Almost every computer-created frame of The Polar Express is a visual beauty to behold, but the narrative program’s end result like it was run by a bunch of Christmastime elitist snobs.
How else to write off the way the narrating protagonist, reflecting on his incredible journey to the North Pole, writes off his own sister as a non-believer just because she grew out of hearing a magical bell?
The message is not so much that believing keeps you young as it does guarantee membership in an exclusive club. Plus, it’s almost exclusively tied to faith in the Santa icon and not the Christmas spirit. And if we don’t buy it, it’s Festivus for the rest of us.
It’s a strangely flat “or else” resolution to a film based on the beloved, but short, 1985 book by Chris Van Allsburg beefed up to feature-film length by co-writer William Broyles Jr., producer and star Tom Hanks and co-writer/director Robert Zemeckis.
It’s the story of a young boy who’s not really buying the Santa bit anymore, but is, on Christmas Eve, invited aboard The Polar Express, a North Pole-bound train whose ability to stop on a small side street should be proof enough for most children that Santa exists.
Many kids are passengers on the train, but only one will be the first child to receive a gift from Santa that year.
Through the advances of a technological process called “performance capture,” the most miniscule of actors’ movements were fed into a computer before being animated over with the use of computer-generated imagery.
The film enthralls with its storybook look and is endowed with a nighttime softness and mostly smooth, relaxed fluidity (although the stiffness of the facial expressions is a letdown in some crucial scenes). Zemeckis also injects it, at least early on, with the sort of filmmaking energy he brings to his live-action work.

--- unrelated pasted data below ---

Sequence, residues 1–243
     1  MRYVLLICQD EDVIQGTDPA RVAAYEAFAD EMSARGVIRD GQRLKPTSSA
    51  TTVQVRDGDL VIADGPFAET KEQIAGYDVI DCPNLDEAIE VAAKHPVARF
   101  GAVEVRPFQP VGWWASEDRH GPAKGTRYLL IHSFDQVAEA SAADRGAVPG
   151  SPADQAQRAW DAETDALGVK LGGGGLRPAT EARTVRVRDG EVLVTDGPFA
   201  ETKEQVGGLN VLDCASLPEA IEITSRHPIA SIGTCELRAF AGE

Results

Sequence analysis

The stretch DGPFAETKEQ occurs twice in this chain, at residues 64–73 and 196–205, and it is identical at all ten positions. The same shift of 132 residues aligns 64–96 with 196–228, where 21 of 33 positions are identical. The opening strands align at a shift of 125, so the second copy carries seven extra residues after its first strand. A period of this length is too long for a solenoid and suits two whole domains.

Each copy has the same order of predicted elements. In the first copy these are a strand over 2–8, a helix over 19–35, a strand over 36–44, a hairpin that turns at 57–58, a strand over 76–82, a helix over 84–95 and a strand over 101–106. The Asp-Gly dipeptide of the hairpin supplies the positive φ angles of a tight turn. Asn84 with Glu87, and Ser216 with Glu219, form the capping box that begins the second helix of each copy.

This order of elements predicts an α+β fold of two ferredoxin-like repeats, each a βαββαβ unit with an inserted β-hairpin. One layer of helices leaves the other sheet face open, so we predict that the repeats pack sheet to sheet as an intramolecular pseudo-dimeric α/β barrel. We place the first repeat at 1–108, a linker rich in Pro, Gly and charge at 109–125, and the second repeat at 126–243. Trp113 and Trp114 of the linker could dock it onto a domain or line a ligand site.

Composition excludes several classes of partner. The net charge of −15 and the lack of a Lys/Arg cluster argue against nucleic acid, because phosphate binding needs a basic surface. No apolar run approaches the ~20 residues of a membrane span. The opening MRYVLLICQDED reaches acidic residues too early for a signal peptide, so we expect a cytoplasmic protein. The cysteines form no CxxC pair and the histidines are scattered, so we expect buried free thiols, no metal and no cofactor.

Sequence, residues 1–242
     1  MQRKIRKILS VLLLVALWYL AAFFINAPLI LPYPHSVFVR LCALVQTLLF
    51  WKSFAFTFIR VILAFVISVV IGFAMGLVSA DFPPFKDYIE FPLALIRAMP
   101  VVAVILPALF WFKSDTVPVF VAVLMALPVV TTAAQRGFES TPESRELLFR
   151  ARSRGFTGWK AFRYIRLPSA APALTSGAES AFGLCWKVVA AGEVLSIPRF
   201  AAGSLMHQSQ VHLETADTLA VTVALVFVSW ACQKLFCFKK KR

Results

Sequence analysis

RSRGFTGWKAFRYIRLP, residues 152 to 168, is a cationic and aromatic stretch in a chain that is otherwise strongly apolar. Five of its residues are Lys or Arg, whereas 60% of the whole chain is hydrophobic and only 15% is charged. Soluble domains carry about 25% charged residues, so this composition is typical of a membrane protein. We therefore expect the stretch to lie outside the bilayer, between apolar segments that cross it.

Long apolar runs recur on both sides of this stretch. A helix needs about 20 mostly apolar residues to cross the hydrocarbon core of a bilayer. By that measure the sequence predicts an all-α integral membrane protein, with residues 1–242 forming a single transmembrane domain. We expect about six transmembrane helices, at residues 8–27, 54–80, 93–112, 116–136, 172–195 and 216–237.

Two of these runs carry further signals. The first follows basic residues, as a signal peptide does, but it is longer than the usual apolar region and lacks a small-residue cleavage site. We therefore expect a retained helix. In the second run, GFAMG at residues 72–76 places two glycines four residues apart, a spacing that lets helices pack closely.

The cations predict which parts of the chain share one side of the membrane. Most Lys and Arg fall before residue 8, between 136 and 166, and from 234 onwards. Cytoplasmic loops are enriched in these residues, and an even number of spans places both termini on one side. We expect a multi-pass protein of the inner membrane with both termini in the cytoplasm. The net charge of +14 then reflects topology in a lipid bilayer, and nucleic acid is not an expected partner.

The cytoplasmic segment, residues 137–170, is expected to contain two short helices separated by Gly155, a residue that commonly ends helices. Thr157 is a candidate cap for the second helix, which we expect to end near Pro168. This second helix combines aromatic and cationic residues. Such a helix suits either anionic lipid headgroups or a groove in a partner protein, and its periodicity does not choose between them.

The tracking shot of an un-punched ticket whisked through a train window, through the mountains and back again is an animated bookend to Zemeckis’ floating-feather scene in Forrest Gump. And, at least before the repetition, the amusement park-ride moments (with plenty of rollercoaster-style point-of-view shots) crackle with the exciting potential of this process.
From an acting standpoint, Hanks embodies the physical aspect of five roles in the film — “Hero Boy,” as he’s called, the Conductor, the Hobo, Hero Boy’s father and Santa. (Excepting Hero Boy, all resemble Hanks in some way.)
His is not a poor job, but for a process meant to capture an actor’s idiosyncrasy, Hanks shows surprisingly little spark here. And for all that the Hobo ultimately means to the story, his character seems created just to have given Hanks a little bit more to do.
He is one of several numerous pads added to a film with about three times as many minutes as its source had pages — an unenviable task, but Zemeckis and company seem to lose their imagination in the second and third acts.
How else to explain the empty-mall feeling of the North Pole, complete with piped-in Christmas carols (cribbed somewhat from Shrek), the hokey musical bits (co-written by Glen Ballard and sometimes sung by Aerosmith’s Steven Tyler as an elf) or the lack of tension (as the Know-It-All Boy even admits, what does it matter if it’s five to midnight if it’s been that way for an hour)?
Sadly, the ultimately destination for The Polar Express is to be a film better remembered and commended for the technological boundaries it barrels through rather than the story it tells.